• Hamilton: Ambition, impulsiveness, and legacy.
  • Heathers: High school, and on a larger scale the world, is a cruel place, but it can get better if people just stopped making fun of each other's insecurities.
  • Henrik Ibsen's plays:
    • A Doll's House: The inequalities and delusions between a man and a woman within marriage, and what effect these can have on the relationship between them.
    • Ghosts: The ideals of the old will come to haunt to new. Also, the sins of the father haunt the sons.
    • Hedda Gabler: Freedom from societal and moral constraints.
    • The Wild Duck: Some people live a lie but sometimes the lie is all they have.
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  • Inherit the Wind: The dangers of letting you religious beliefs cloud your judgement, and that you should open your mind to new ideas even if you don't agree with them.
  • Into the Woods: "Wishes come true, not free."
  • The Last Five Years: Dishonesty, personal flaws, and miscommunication can tear apart relationships if left unchecked, no matter how strong the relationship may seem
  • Little Shop of Horrors: The consequences of giving in to temptation and letting others dominate you.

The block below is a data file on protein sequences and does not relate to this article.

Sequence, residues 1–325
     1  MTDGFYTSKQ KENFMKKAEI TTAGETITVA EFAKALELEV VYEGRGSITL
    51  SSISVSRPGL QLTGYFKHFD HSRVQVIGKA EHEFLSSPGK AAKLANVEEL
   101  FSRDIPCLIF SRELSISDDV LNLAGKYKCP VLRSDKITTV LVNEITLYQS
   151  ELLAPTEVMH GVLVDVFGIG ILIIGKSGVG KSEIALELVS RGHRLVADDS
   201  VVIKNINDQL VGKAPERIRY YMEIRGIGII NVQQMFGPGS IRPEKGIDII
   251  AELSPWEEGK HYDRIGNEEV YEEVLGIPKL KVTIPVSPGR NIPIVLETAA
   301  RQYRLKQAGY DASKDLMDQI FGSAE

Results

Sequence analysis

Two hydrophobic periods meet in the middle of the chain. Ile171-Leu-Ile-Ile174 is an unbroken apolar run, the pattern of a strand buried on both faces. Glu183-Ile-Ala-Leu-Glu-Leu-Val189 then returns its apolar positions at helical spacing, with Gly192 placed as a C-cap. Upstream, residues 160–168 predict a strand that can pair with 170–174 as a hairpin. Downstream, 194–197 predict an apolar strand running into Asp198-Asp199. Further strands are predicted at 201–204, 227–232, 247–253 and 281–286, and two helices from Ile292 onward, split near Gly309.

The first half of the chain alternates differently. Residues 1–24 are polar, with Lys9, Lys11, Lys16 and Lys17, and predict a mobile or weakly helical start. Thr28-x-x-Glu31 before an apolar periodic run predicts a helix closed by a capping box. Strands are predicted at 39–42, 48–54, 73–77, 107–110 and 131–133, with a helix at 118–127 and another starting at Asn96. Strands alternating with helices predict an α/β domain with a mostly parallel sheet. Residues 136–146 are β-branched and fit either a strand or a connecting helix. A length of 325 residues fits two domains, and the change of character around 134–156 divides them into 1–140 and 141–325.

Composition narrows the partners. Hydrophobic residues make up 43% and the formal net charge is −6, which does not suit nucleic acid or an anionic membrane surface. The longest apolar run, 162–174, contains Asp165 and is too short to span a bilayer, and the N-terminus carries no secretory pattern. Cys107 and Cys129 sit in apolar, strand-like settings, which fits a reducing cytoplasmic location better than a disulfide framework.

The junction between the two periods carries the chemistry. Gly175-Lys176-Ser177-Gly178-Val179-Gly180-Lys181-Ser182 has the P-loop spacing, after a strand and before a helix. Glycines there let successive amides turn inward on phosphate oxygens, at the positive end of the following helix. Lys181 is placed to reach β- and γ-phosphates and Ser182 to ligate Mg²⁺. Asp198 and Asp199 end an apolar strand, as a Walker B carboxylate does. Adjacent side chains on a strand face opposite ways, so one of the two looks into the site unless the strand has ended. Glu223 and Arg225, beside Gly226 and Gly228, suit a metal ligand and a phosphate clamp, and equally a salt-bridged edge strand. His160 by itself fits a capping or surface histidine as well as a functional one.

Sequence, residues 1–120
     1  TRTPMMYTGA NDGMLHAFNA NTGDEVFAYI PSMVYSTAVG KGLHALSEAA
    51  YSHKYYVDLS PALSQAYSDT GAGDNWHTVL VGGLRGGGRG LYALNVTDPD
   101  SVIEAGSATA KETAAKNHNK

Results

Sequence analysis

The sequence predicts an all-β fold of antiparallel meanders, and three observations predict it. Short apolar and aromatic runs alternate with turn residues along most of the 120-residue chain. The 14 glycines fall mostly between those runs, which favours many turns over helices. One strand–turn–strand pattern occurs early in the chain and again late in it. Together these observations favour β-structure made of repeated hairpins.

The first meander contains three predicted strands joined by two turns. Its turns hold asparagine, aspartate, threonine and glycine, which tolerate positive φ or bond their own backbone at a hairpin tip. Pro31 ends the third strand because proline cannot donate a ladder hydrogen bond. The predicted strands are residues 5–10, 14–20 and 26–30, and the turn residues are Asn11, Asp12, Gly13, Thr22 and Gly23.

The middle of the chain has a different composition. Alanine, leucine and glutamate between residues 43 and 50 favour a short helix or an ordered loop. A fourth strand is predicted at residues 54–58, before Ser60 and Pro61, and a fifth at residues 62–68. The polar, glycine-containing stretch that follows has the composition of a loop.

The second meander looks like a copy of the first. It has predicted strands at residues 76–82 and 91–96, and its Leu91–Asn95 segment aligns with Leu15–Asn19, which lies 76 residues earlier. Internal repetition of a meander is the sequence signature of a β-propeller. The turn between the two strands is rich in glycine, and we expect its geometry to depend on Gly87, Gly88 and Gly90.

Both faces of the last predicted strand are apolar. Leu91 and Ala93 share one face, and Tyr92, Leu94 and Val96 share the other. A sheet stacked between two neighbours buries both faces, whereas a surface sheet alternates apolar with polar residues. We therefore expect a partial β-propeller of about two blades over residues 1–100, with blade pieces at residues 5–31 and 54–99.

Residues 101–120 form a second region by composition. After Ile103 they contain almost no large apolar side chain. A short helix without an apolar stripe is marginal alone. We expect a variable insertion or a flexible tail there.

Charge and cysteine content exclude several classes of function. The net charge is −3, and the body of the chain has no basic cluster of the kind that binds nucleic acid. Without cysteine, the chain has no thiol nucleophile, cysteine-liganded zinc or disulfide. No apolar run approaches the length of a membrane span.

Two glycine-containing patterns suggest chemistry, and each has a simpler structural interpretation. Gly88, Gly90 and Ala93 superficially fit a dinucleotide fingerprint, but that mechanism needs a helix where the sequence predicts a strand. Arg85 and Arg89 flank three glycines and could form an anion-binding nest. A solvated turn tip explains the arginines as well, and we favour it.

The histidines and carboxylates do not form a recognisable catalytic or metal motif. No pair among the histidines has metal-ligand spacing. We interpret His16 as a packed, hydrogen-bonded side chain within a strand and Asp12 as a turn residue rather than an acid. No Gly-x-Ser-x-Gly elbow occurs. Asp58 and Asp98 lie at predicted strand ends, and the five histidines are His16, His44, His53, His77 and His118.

• The Man Who Had All The Luck: Luck's guilt.
  • Medea: A Woman Scorned with nowhere to seek justice will turn to revenge.
  • Merrily We Roll Along: Friendship and how relationships with others change depending on your life choices.
  • Oedipus Rex: Should we pursue the truth even if it leads to our doom?
    • Antigone: What is more important: your duty to the state, or familial bonds? And how far will people go for each?
  • The Oresteia: The Cycle of Revenge, to what extent Revenge is justified and how does one break out of the cycle.
  • The Phantom of the Opera: People cannot be controlled.
  • Rosencrantz and Guildenstern Are Dead - Is man just a victim of his fate?
  • Shrek: The Musical: How stories interact with real life.